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One step closer to 2030: What progress still needs to be made to achieve our net zero goals?

We sat down with our CEO and Co-Founder, Mike Darby, to explore where the built environment currently is, what progress still needs to be made and how technology will pave the way towards a net zero future. 

We’re almost halfway through the decade - This means we’re now only six years away from the 2030 net zero targets which aim to reduce carbon emissions by 68% when compared to 1990 levels. How are we doing as a country concerning the commercial built environment?

Whilst there have been steps in the right direction and a lot of ambition, there isn’t enough action at the moment. We need to move faster. There’s a lot of recognition of this across the board, including from the Climate Change Committee, the UN 2022 Global Status Report for Buildings and Construction, the World Business Council for Sustainable Development and more recently the UK Green Building Council.

Back in 2018, I spoke at the Silicon Roundabout around the time when the special IPCC Report on Global Warming of 1.5°C was released. It gave us 11 years to change direction, and I speculated on how quickly the industry would move. We’re now halfway there and we’re still not paying attention.

How do you expect discussions around ESG and decarbonisation in the built environment will develop?

A lot of focus in ESG has been on reporting and there have been new and varied ways of creating analysis detailing intentions and plans and how companies are doing at the moment. However, the time for reporting is up and we need action. 

What I want to see in the discussion is for everyone in the built environment to demonstrate improvement and that they're making continuous progress. All projects that save carbon will slip back operationally if they do not consistently monitor performance - it’s a known and widely documented phenomenon. 

What actions should 2024 witness?

We need some leadership on transparency; seeing key stakeholders take the lead, showing what they're doing and how they're doing it successfully. At the same time, they need to encourage others to join and for them to be equally transparent, demonstrating how best-in-class building operations can deliver good services and have a significant carbon impact as well.

Where would you like the UK commercial property industry to be by the end of 2024?

I would like the industry to be excited, motivated and confident. Property management often has a complex - arguably over-complex - organisational structure. We often see ‘diluted responsibility’, where no one is taking ownership and it’s always someone else’s problem.

I want the property industry to be more aligned with all of the different parties working together with a shared ambition, empowered by insight and clarity on what they want and have to do. That’s frequently the problem; they don’t have that clarity. 

What regulations do you think should be introduced to ensure we reach 2050 goals? 

I'd like to see some enforcement of tighter regulation, particularly regarding operational carbon emissions. Perhaps where everyone has to report their carbon emissions not just annually, but in near real-time from their properties.

Increasingly, tenants want this level of detail. If, for example, a tenant in a multi-level co-working space asks what the carbon impact of their demise is, most landlords won’t know - it’s actually quite hard to accurately attribute operational carbon emissions to a small part of a larger property. The landlord will instead talk about their ambitions. So regulations that give that granular level of transparency are needed.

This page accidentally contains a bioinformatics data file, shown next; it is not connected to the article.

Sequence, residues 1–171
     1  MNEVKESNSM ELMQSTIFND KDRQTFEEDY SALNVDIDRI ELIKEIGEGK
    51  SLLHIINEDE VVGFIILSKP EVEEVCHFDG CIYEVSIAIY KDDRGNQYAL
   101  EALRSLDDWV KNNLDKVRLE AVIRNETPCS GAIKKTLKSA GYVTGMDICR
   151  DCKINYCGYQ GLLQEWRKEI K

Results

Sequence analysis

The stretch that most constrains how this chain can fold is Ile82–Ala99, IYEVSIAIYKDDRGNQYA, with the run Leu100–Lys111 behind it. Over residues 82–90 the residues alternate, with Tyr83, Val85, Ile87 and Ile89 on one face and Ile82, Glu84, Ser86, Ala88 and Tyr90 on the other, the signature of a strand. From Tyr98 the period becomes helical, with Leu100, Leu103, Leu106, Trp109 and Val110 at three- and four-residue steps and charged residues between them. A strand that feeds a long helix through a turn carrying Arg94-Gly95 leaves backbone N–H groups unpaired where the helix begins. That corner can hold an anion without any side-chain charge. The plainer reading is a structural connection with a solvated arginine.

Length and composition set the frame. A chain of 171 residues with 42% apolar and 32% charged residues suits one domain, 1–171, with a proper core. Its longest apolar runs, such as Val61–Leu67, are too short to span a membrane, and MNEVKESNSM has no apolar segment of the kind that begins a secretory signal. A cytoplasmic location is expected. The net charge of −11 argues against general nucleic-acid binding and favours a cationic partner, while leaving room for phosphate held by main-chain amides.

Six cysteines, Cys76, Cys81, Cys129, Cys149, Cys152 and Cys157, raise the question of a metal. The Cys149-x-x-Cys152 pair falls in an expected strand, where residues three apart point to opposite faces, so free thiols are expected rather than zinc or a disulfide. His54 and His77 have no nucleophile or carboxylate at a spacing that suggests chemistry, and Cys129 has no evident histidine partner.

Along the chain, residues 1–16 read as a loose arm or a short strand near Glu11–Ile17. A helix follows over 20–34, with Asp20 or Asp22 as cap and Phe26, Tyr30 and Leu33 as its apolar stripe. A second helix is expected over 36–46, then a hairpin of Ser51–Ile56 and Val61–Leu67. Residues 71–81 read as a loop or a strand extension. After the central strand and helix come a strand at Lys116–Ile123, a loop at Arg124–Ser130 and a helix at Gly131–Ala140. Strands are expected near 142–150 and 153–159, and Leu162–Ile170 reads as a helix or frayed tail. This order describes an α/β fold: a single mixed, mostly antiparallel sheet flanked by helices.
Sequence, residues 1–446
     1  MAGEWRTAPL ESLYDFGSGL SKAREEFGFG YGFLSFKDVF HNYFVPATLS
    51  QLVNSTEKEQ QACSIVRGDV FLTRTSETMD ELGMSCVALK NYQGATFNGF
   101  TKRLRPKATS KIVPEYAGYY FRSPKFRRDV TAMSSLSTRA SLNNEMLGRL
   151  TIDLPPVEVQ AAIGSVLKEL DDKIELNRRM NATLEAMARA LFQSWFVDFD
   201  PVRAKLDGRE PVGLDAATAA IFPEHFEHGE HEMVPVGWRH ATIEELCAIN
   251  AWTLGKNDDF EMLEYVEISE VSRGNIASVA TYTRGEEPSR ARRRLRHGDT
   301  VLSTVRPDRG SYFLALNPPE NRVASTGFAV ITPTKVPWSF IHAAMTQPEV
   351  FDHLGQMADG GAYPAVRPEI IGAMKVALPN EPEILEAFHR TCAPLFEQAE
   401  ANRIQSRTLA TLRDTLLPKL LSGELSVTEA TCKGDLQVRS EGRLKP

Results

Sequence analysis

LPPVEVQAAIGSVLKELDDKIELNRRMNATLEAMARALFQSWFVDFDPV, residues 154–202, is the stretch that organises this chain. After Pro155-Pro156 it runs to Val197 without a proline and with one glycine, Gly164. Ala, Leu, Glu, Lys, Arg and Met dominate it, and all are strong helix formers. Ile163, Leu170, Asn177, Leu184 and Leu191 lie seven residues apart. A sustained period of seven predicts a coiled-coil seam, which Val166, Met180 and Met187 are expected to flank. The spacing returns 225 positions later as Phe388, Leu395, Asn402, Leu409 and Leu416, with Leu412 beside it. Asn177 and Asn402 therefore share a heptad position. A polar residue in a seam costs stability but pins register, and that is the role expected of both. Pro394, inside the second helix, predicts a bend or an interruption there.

Has the UK Government done enough to support Property Owners and Facilities Managers in the transition to net zero? What else can they do?

More needs to be done to push for action. Back in October, we joined over 100 businesses in signing the UK Green Building Council’s letter to the Government calling on them to provide a strong net zero policy.

For larger Property Owners and Facilities Managers, it's not necessarily about Government support and I think they should be taking the initiative themselves. I expect it’s harder for SMEs who have fewer human resources, and aren’t able to explore what's available and how to decarbonise.

Properties that need significant capital expenditure to get them up to speed certainly benefit from increased grants or lower cost financing. Also, a review of the Enhanced Capital Allowance scheme to include more technology would help.

What role will technology play in the future of the built environment? 

Technology is intrinsic to a successful operating building; looking at those delivering the best internal environment whilst also having the lowest carbon impact. It improves human resource efficiency and also brings transparency. 

I'd like to encourage you, the reader, to think about your own experiences and questions about the building you work in. How is it performing? In most cases, no one's going to have the answer to that because it is so opaque. That’s where technology can really help - making it clear what’s happening, what needs to be done and how to keep on top of it. 

How can Demand Logic help? 

At Demand Logic, we are helping building teams to save energy, improve maintenance and increase comfort for tenants. 

Our Building Operational Performance Score uses data from the vast majority of energy-consuming components in a building. As an operational performance index, this informs you of the performance of the building within the constraints of its fabric and its currently installed equipment. But the score is not the end of the story - it guides building operators to the root causes of poor performance and gets them fixed.

To find out more about our technology, please contact us via email or call +44 20 7193 4212.